Minnesota kennel operator charged with keeping dogs in hot, cramped and dirty condition

  • Article by: PAUL WALSH , Star Tribune
  • Updated: July 30, 2013 - 9:25 PM
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Photos from a dog breeding operation in Pine River, Minn., where 133 dogs were seized.

Photo: Animal Humane Society,

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 The operator of a northern Minnesota kennel has been charged with a long list of crimes that accuse her of keeping many dozens of dogs in wretched, stifling conditions on the hot summer’s day when the animals were seized by authorities.

Deborah B. Rowell, 60, of Pine River, was charged Monday in Cass County District Court with eight misdemeanors and one petty misdemeanor covering everything from animal neglect to deprivation of shelter, ventilation, shade and water.

The complaint stems from the July 16 seizure of 104 grown dogs and 29 puppies from the kennel on the eastern edge of Pine River by the Animal Humane Society, with the assistance of the Sheriff’s Office. Another dog was found dead in a doghouse, having been there for some time, the Humane Society noted.

According to the criminal complaint:

• Many dogs — some of them large breeds — were packed in doghouses and runs.

• Some of the houses were not elevated properly to keep the dogs and their bedding from getting wet and muddy.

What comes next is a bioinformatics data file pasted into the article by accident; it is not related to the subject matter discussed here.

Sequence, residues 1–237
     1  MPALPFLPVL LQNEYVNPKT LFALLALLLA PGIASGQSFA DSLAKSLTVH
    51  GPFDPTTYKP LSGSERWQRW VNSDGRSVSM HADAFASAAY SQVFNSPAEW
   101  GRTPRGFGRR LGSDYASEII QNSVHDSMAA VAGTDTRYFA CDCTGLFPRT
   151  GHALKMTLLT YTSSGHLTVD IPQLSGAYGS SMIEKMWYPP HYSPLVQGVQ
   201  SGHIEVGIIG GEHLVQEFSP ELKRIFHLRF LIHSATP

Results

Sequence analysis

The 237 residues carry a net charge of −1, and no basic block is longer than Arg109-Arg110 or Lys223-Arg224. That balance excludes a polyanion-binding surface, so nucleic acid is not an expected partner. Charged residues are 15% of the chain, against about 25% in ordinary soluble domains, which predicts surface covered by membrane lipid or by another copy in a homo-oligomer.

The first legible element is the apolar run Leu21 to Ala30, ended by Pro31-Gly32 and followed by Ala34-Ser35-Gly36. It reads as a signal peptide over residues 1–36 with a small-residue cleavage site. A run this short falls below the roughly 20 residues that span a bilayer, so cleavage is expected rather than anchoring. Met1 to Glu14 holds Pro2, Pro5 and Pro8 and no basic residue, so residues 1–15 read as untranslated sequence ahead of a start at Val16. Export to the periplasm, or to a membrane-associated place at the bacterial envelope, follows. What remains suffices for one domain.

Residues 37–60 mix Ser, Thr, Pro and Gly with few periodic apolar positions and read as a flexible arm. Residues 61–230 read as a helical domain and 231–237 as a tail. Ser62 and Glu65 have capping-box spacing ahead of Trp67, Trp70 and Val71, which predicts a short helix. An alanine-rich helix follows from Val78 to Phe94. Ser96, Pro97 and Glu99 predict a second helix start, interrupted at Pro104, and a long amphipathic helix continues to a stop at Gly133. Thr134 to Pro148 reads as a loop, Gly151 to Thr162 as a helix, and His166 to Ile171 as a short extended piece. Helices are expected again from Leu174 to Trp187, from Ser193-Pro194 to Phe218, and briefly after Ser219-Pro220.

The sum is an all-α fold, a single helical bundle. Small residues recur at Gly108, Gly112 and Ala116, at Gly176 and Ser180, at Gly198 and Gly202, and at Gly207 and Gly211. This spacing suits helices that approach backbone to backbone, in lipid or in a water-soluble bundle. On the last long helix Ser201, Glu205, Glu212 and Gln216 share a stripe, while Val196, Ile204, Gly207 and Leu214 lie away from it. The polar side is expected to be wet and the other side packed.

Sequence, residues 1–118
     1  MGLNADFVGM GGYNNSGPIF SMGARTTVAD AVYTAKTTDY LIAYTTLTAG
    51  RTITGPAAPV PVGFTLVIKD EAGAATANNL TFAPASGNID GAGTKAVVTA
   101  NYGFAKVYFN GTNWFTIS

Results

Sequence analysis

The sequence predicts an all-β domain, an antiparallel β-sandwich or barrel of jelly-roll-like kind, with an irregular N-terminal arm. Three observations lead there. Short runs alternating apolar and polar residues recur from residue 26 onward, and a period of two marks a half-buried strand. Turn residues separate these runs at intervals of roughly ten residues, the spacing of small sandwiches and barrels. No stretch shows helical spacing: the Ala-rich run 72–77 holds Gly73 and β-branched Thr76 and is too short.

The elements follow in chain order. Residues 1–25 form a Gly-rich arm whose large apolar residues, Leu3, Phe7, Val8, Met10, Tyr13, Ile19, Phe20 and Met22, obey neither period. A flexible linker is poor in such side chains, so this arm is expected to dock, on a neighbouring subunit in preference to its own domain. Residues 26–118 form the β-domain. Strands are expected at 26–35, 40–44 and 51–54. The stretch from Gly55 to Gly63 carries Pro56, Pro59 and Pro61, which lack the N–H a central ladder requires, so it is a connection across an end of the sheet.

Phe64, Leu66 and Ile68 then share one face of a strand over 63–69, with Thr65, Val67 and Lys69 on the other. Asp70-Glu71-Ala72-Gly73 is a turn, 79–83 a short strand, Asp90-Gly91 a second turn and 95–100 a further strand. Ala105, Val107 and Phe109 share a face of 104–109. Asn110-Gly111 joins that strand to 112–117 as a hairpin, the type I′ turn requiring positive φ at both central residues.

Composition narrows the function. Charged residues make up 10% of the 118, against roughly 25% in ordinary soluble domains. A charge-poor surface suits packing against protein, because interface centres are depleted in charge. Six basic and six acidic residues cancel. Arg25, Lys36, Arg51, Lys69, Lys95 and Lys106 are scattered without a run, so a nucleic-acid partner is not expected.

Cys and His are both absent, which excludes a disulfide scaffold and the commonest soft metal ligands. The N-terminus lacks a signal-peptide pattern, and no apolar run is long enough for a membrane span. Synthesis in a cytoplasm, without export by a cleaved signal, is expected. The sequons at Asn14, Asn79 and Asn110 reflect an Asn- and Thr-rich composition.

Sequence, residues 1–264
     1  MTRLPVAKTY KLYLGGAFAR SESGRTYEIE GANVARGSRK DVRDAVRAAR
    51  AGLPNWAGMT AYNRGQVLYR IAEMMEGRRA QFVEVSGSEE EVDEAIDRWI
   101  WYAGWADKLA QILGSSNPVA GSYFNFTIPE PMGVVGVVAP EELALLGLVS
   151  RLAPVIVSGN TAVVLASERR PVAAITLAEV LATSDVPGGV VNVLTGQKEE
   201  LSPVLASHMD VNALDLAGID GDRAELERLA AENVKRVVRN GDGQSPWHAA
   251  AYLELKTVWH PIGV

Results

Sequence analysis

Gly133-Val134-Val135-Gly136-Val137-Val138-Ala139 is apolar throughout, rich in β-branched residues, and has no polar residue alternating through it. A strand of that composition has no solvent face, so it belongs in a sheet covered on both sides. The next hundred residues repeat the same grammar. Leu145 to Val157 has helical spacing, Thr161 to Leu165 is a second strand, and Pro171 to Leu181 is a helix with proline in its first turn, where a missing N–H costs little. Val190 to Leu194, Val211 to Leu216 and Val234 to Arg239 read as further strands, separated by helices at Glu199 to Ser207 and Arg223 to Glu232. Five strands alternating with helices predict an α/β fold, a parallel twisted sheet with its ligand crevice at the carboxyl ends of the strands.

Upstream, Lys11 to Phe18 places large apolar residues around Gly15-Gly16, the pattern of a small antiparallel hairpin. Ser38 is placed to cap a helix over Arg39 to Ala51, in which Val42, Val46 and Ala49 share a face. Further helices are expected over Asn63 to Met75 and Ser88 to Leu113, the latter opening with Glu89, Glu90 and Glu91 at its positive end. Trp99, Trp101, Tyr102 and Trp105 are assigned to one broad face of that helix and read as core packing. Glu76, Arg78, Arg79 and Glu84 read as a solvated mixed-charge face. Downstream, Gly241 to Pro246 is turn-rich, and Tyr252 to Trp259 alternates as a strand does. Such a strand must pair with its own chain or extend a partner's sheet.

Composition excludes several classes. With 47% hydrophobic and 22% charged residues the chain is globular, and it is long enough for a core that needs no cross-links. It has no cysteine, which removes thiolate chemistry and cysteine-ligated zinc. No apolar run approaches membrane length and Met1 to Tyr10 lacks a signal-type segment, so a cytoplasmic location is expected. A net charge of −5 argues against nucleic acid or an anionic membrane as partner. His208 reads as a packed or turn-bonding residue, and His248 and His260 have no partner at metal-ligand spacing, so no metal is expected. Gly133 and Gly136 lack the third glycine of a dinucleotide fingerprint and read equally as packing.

• Drinking containers had dirty, greenish water. One bucket had a dead mouse floating on the surface.

• Temperatures in the kennel at large and the dog houses were “extremely high” and lacked proper ventilation and shade.

On the hot and muggy day that the dogs were seized, the temperature in the dog houses ranged from 91 to 97 degrees, the complaint continued.

Questioned at the scene about the heat and poor ventilation at the kennel, “the defendant stated that ‘the girls’ must not have opened the door,” the complaint read.

Rowell was charged by summons and remains free ahead of an Aug. 19 court date.

Soon after the dogs were seized, Rowell’s attorney, Stephen Grigsby, vigorously defended his client on several fronts, contending that the investigation is part of a politicized effort to bring about state regulation of the dog-breeding industry. Operations such as Rowell’s are federally inspected and licensed.

Rowell also runs a horse-riding stable in Pine River. There have been no allegations of cruelty in connection with that operation.

Rowell posted on the stable’s website, on a page that is dedicated to the dog-breeding operation, that “I take much pride in my dogs and puppies. They are raised with much love and lots of care.”

She said she raises and sells many breeds, among them Labrador and golden retrievers, Shelties, Siberian huskies, German shepherds, Rottweilers “and several designer breeds.”

Paul Walsh • 612-673-4482

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